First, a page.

Techniques in Coloproctology

, Volume 23, Issue 6, pp 529–535 | Cite as

Robotic vs. laparoscopic ventral mesh rectopexy for external rectal prolapse and rectal intussusception: a systematic review

  • S. Albayati
  • P. Chen
  • M. J. Morgan
  • J. W. T. Toh



Laparoscopic ventral mesh rectopexy (LVR) is a treatment with promising results in external rectal prolapse, rectal intussusception, and rectocele. Because of the emergence of robotic-assisted surgery and the technical advantage it provides, we examined the potential role and place of robotic surgery in ventral rectopexy.


MEDLINE, PubMed, and other databases were searched, by two independent reviewers, to identify studies comparing robotic to laparoscopic ventral mesh rectopexy. The primary outcome was the rate of unplanned conversion to open. The secondary outcomes were morbidity, length of hospital stay and recurrence rate.


Five studies (4% male, n = 259) met the inclusion criteria. All 5 studies reported on conversion rate and showed no significant difference between the conversion rate of robotic and laparoscopic groups [OR 0.58 (95% CI 0.09–3.77)]. Robotic surgery was also similar to laparoscopic surgery for both morbidity [OR 0.71 (95% CI 0.34–1.48)] and recurrence rate [OR 0.56 (95% CI 0.18–1.75)]. Operative time was longer in the robotic group with a MWD of 22.88 minutes (CI 5.73–40.04, p < 0.0007). There was a statistically significant reduction in length of stay with robotic surgery [mean difference − 0.36 days (95% CI − 0.66 to − 0.07)].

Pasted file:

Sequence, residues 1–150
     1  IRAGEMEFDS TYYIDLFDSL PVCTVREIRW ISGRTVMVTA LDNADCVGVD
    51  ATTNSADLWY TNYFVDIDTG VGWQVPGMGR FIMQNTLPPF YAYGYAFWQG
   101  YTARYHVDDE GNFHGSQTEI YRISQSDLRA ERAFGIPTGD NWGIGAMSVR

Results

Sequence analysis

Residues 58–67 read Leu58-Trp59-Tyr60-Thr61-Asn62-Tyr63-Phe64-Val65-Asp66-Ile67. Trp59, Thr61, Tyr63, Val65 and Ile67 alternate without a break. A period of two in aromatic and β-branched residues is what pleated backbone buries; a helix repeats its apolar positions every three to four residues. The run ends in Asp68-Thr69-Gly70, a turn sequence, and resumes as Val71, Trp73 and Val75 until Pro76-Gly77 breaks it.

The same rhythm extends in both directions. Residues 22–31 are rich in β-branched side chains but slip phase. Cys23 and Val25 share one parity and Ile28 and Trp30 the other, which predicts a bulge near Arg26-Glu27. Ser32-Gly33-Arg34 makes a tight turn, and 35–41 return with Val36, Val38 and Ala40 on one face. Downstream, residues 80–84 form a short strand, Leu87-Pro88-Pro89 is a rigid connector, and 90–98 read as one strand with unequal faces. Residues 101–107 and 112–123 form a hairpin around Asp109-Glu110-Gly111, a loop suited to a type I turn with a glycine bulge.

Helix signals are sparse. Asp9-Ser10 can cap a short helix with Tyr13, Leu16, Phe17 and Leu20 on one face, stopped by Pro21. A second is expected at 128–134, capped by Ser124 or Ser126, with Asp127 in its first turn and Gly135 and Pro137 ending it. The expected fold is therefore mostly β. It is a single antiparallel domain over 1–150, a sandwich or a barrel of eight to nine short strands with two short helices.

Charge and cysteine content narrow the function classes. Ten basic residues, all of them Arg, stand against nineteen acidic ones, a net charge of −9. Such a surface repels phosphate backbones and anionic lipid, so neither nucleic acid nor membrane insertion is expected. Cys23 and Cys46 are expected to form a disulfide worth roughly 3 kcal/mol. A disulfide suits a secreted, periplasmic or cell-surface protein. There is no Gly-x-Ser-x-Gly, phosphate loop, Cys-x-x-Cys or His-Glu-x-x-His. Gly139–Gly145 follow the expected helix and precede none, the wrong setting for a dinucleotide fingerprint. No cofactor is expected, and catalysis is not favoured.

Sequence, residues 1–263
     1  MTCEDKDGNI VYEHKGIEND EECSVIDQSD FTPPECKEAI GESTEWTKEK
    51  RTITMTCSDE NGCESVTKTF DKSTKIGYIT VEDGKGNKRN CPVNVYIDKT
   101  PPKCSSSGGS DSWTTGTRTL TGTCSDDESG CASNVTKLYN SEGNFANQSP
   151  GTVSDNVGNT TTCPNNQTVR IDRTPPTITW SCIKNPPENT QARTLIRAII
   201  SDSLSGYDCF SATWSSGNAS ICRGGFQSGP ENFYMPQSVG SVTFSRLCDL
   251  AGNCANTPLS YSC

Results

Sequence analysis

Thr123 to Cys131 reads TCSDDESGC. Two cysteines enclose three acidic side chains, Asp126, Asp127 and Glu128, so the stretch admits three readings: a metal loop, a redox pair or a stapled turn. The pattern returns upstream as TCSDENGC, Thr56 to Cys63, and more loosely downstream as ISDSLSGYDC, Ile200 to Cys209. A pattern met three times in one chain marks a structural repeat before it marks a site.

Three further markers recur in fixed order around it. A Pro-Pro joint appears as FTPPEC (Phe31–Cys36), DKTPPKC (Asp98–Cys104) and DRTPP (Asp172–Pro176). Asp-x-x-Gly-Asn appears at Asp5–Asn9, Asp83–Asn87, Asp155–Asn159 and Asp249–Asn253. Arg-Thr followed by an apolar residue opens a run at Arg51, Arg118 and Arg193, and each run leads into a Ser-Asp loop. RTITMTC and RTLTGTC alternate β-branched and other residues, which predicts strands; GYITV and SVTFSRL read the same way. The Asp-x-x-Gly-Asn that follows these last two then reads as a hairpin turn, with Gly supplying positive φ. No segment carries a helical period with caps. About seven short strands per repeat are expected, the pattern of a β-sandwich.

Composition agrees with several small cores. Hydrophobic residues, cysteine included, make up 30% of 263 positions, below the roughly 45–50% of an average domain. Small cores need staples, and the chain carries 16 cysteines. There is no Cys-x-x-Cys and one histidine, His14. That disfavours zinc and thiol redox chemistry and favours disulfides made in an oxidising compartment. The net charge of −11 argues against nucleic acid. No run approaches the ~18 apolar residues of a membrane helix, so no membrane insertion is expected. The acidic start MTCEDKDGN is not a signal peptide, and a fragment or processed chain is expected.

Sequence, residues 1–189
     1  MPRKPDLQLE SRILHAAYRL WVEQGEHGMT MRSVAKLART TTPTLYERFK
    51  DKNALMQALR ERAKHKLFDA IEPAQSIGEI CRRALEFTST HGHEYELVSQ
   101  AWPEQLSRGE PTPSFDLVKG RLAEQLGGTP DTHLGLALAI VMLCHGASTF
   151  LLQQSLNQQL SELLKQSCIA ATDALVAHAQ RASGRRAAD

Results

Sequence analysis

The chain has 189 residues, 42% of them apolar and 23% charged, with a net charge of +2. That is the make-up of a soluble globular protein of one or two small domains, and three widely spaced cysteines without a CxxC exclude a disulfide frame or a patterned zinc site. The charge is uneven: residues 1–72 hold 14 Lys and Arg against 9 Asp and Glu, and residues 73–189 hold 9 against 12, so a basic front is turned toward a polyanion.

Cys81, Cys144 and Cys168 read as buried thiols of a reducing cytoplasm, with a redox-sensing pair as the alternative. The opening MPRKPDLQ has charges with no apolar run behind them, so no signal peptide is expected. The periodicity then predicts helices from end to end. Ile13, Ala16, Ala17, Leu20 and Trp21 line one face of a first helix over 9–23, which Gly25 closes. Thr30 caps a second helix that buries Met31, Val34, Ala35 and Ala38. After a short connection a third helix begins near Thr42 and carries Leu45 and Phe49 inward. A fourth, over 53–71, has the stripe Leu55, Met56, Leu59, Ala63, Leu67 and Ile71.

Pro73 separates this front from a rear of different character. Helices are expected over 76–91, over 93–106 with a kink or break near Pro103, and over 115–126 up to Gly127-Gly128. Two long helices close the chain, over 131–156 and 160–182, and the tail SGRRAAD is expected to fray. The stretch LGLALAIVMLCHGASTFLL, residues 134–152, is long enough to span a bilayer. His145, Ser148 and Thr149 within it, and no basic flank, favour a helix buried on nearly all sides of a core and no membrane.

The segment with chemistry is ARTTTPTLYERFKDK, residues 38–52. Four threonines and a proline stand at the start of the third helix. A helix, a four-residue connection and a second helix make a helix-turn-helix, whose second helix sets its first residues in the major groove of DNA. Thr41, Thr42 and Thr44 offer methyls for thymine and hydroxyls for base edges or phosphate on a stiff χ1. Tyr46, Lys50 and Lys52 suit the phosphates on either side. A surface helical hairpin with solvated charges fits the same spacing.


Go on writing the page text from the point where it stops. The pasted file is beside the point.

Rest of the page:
This systematic review shows that robotic-assisted ventral rectopexy requires longer operative time with no significant added benefit over laparoscopic ventral rectopexy. The conversion rate was low in both groups and the trends to benefit did not reach statistical significance. More studies are required to clarify whether the potential technical advantage of robotic surgery in ventral rectopexy translates to an improvement in clinical outcome.


Rectal prolapse Ventral mesh rectopexy Robotic surgery Laparoscopic surgery 


Compliance with ethical standards

Conflict of interest

The authors declare that they have no conflict of interest.

Ethical approval

This article does not contain any studies with human participants or animals performed by the authors.

Informed consent

For this type of study formal consent is not required.


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© Springer Nature Switzerland AG 2019

Authors and Affiliations

  1. 1.Department of SurgeryBankstown-Lidcombe HospitalSydneyAustralia
  2. 2.South Western Sydney Clinical SchoolUniversity of New South WalesSydneyAustralia
  3. 3.Department of SurgeryWestmead HospitalSydneyAustralia
  4. 4.Discipline of Surgery, Sydney Medical SchoolUniversity of SydneySydneyAustralia
  5. 5.MoorebankAustralia

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